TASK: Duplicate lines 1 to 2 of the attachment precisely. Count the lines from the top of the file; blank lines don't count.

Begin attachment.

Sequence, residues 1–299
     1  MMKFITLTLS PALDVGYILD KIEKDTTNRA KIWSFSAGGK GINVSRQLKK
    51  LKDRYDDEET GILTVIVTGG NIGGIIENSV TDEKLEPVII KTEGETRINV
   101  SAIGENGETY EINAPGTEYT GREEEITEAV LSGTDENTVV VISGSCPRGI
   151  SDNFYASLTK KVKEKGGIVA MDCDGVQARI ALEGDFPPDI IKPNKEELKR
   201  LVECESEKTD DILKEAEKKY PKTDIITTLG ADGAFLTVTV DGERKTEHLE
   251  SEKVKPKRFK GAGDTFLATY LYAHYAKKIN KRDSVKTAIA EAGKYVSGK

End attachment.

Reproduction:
Sequence, residues 1–299
     1  MMKFITLTLS PALDVGYILD KIEKDTTNRA KIWSFSAGGK GINVSRQLKK